How To Use Pro-Wrestling Lingo For Improved Workplace Communication
You’re a wrestling fan—which likely means you have a certain way of communicating with other wrestling devotees. But why limit the times and places you use wrestling-speak? Why not bring that wrestling lingo into the workplace? The shorthand you’ll create will save time (and if your boss doesn’t understand what everyone else is saying, maybe you can use that to your advantage. But more on that later). That being said, here’s some solid wrestling lingo to improve communication in your workplace.
1. “Go Home”
In everyday life, “go home” generally means to, well, go home (as in, “It’s 5:00. Time to go home”). But in wresting it means to finish a match—and you can apply this to all kinds of everyday work scenarios.
Example: “I really wish Frank would go home on this presentation, it’s boring AF.” OR, “After I go home from the bathroom I’ll come back and hit the go home on this org sheet—and then I’ll go home … to my husband.”
A swerve is a trick, usually played to your advantage. If you don’t know how a good swerve can fit into office life, then you’ve been approaching your job all wrong. Workplaces are swerve central.
Example: “What a swerve!”
[Editor’s note: The example is a swerve in and of itself, because we got away with not really explaining anything.]
3. “Get Over”
Like a lot of wrestling lingo, this has several different uses. It can mean to win a match, but it also can mean to get popular or catch on. The latter definition will likely prove most useful to you—especially regarding office politics. As in you should keep track of who’s getting over—because that’s who could be getting YOUR promotion.
Example: “Steve brought donuts to get over with management, and it worked, dammit!”
Kayfabe is an incredibly specific professional wrestling concept. It refers to the practice of treating staged performances as truth. Now, you may think this word won’t have any place in a modern business environment. However, nothing is more kayfabe than work! Everyone has to walk around and talk to each other as if they’re happy to be there even though no one would be there if they weren’t getting paid. Just showing up is kayfabe! Walking into a meeting and not punching Phil in his annoying face the second you see him is kayfabe! Talking about it openly will tell you who’s on your side, and who is kayfabing themselves.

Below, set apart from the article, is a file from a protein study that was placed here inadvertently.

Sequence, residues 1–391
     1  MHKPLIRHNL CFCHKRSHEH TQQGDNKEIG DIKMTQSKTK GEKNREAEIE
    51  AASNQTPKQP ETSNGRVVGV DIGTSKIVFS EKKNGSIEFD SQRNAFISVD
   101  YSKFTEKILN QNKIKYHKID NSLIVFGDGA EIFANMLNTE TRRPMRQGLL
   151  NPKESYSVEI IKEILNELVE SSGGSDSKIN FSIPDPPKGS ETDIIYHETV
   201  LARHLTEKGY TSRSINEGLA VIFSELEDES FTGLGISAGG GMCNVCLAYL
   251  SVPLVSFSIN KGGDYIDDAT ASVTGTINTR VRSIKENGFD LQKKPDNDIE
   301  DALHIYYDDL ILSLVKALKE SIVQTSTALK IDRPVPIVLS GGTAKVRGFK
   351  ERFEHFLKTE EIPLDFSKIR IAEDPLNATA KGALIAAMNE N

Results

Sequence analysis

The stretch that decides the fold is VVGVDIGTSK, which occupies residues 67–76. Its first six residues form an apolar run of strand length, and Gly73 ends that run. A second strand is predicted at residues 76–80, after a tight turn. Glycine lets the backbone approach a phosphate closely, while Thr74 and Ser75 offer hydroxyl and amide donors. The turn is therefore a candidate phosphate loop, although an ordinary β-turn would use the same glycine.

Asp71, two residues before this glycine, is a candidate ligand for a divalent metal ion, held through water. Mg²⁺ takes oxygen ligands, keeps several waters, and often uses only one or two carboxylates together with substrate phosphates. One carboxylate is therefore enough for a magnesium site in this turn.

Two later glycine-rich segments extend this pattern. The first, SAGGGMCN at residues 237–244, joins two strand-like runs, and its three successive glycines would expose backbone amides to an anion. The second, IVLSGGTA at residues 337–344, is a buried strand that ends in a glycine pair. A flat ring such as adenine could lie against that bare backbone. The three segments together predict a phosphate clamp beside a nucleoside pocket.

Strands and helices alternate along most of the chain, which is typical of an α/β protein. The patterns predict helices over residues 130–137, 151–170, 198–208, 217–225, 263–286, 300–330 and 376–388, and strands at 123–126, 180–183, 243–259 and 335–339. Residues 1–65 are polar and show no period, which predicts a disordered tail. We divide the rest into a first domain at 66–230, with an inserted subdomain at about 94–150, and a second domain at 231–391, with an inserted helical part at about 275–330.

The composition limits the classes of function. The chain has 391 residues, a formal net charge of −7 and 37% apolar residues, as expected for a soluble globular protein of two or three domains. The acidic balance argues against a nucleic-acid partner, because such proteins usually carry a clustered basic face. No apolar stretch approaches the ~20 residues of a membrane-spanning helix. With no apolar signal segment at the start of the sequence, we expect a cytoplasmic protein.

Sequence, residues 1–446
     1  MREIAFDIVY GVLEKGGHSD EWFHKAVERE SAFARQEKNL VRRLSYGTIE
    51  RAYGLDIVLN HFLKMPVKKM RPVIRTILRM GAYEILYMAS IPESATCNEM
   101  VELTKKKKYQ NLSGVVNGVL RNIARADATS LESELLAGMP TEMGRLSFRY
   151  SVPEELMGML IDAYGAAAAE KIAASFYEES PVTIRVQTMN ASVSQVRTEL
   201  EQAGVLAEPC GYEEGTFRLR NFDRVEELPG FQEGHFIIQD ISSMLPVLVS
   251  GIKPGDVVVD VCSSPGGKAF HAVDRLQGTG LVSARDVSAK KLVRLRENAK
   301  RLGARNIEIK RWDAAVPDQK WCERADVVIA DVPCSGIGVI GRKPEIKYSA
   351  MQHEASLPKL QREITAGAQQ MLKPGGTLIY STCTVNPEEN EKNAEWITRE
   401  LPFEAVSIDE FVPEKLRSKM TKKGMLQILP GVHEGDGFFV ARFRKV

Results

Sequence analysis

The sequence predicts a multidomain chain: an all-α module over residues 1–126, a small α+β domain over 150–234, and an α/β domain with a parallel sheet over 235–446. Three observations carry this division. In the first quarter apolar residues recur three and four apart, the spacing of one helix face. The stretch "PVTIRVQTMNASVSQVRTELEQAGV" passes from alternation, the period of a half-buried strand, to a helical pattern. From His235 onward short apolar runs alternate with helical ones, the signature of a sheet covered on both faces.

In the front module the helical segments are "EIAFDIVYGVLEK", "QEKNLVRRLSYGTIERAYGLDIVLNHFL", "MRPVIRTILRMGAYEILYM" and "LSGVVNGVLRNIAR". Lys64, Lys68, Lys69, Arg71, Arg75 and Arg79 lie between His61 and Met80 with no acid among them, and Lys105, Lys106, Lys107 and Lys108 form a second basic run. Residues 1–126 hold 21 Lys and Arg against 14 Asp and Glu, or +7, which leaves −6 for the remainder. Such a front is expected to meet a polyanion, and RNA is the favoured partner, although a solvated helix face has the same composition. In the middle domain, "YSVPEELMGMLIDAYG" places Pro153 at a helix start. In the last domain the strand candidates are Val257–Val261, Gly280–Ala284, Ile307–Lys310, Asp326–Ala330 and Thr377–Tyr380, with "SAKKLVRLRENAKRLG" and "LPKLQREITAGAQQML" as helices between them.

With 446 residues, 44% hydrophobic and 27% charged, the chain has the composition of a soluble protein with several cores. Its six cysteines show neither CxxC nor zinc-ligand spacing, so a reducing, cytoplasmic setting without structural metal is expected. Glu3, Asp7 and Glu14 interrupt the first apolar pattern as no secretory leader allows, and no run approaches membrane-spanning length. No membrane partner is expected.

Example: “I’m acting like I’m excited for the company-wide party, but it’s total kayfabe. I’m actually going to pull a swerve and leave for a long lunch.”
A gimmick is, at its most basic level, the character that a wrestler plays. A gimmick can also be any object that a wrestler uses in or out of the ring. A gimmick can also be a catchphrase or a certain way of speaking. A gimmick can also be a pronoun, used to replace any word. Literally any word. Basically gimmick is everything. If you use the word gimmick as liberally as possible, no one can hold you accountable for anything.
Example: “Tony walks in with this gimmick, right? And so he thinks it’s gonna get him over, and I kayfabe put him over to Jessica, but she acts like it’s time to go home, so I bring out the gimmick, and you should have seen Tony’s face when he realized he got swerved.”